Last Christmas I reported on what a so called ‘progressive’ church in New Zealand were doing promoting their version of Christmas on a billboard. This Christmas American Atheists have had a go at attacking Christmas on a billboard causing the Catholic League to respond.
The American Atheists spent $20,000 on a billboard at the entrance to the Lincoln Tunnel in New Jersey with the headline “You know it’s a myth. This season, celebrate reason.”
In an exchange of artillery fire the Catholic League responded with a retort to the atheists and put up their own billboard on the New York side at the exit from Lincoln tunnel “You know it’s real. This season, celebrate Jesus.”
The question I have for both billboards is, do they work as a creative execution? Will either convince someone to change their opinion or are they simply both preaching to the ‘converted’?
In my previous career out there in the creative industry, Australian advertising guru David Mattingly gave me some tips on successful billboard creative executions.
- No more than eight words in the headline. Any more and the driver won’t have time to read it. The Catholic League billboard has eight, the American Atheists nine (The by-lines at the bottom of both billboards get lost for me).
- You need to be able to read the headline in three seconds from your car. The Catholic billboard type is legible and clear, but I can only read the first four words of the atheists billboard and the font the atheists have used is hard to read.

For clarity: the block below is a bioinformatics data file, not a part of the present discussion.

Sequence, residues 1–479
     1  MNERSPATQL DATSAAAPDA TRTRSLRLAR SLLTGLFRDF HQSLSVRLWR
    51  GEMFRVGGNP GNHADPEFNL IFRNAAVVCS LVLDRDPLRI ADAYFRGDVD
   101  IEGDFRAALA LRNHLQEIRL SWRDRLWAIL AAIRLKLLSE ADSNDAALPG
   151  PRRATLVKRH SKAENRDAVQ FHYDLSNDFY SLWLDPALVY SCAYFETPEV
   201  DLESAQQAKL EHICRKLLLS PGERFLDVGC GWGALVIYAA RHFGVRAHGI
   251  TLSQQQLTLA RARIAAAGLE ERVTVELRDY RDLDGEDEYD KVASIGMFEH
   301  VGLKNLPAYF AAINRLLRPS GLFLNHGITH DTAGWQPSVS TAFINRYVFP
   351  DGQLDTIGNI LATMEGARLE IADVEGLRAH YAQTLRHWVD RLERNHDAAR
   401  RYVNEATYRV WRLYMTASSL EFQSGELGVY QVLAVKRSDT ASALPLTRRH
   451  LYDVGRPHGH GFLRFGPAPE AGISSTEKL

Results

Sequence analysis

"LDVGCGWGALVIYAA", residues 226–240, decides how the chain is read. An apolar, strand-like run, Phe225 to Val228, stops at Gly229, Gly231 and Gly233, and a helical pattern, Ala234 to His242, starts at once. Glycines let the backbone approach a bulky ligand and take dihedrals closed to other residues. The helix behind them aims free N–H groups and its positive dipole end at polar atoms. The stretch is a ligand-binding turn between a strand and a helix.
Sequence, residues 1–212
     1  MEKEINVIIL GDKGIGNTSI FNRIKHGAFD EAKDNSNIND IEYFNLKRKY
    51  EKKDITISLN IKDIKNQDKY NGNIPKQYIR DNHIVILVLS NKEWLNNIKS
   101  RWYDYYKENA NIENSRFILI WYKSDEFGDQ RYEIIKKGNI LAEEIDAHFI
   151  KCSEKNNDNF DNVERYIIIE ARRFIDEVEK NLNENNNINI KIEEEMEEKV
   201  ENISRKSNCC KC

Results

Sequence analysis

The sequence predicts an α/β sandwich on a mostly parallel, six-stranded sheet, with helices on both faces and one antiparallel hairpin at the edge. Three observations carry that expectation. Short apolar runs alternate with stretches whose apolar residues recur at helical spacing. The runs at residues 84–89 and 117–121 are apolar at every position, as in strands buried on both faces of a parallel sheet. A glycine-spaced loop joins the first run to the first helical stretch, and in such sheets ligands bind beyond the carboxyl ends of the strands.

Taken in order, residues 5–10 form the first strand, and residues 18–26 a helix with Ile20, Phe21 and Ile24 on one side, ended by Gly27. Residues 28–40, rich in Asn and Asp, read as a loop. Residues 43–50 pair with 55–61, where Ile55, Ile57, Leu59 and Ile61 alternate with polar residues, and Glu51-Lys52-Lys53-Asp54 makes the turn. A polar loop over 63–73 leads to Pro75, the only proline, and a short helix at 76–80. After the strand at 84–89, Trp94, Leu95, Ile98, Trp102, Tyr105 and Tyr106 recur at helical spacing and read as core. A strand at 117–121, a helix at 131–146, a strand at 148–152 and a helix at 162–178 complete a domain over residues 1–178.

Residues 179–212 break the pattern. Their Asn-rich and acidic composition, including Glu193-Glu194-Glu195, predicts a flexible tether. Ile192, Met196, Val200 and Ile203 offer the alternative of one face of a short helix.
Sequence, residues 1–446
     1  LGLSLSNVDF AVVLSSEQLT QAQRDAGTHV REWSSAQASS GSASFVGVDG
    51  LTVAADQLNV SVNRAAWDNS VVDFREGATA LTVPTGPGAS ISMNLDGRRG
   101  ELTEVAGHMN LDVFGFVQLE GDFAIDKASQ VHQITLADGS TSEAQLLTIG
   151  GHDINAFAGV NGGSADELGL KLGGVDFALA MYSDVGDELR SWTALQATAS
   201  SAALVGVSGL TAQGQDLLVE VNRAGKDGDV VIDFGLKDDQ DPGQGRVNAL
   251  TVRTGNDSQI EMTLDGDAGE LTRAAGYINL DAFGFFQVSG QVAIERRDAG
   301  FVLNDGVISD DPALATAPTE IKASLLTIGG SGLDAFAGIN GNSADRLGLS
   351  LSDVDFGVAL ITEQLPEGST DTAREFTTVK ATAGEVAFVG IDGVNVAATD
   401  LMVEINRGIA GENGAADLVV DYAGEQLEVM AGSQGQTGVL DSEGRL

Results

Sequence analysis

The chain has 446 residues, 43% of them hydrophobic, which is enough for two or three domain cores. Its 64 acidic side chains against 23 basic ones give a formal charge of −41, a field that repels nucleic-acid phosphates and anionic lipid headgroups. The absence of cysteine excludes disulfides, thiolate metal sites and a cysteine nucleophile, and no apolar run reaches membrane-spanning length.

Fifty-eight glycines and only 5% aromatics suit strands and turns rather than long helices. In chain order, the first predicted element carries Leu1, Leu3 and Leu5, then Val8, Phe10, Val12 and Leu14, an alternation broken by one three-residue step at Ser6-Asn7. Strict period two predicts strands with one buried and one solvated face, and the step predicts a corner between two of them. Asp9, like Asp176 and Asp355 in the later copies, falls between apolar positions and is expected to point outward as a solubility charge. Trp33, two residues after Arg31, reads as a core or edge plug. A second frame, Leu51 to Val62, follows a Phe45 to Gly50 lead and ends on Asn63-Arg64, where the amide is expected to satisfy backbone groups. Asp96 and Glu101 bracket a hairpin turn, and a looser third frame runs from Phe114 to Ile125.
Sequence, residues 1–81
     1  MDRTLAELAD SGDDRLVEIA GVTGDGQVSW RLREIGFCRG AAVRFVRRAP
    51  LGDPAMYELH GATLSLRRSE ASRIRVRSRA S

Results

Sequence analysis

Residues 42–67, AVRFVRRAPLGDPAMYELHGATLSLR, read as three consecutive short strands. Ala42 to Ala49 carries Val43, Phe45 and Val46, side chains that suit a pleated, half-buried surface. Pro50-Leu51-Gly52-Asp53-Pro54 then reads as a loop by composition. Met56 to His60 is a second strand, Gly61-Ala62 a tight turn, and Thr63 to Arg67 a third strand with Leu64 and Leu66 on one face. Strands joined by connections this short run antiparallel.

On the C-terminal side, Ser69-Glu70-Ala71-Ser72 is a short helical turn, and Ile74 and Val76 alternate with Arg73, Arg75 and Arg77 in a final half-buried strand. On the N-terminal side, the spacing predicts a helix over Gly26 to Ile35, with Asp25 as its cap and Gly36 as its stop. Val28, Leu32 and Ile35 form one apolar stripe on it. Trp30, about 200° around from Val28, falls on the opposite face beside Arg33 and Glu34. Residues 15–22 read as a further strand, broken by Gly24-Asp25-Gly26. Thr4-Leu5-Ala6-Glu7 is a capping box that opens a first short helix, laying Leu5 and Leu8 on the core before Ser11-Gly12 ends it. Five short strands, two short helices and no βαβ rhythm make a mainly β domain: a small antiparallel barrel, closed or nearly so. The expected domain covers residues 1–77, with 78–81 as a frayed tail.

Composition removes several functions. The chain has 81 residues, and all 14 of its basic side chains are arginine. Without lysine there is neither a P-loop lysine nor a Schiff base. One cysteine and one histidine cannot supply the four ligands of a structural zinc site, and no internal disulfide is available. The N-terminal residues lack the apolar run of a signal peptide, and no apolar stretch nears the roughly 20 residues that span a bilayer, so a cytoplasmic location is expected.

- Have a ‘hero’ picture that stands out. Both do that, although there are nothing original or new from a creative point of view. Both take a traditional approach to the nativity scene.
- Make them think or laugh. To help recall and with cut through say something which will give the viewer something to think about. Neither of them do that for me. They are speaking largely to their existing audiences who would agree with them.
- Give the audience an simple next step. If the billboard has no next step such as a telephone no. or a website then it will be a passing thought and more easily forgotten in the tsunami of advertising messages we all receive every day. The Atheist billboard at least as a web address, but the catholic league has no next step.
David says, “If you want to be noticed you must create a disturbance. Only the unusual gets seen, understood, remembered and talked about because the usual, no matter how tarted-up or elegantly contrived, is easily ignored, passed by, little noted and soon forgotten.”
What do you think? From a creative point of view, do they work or not? What would you do?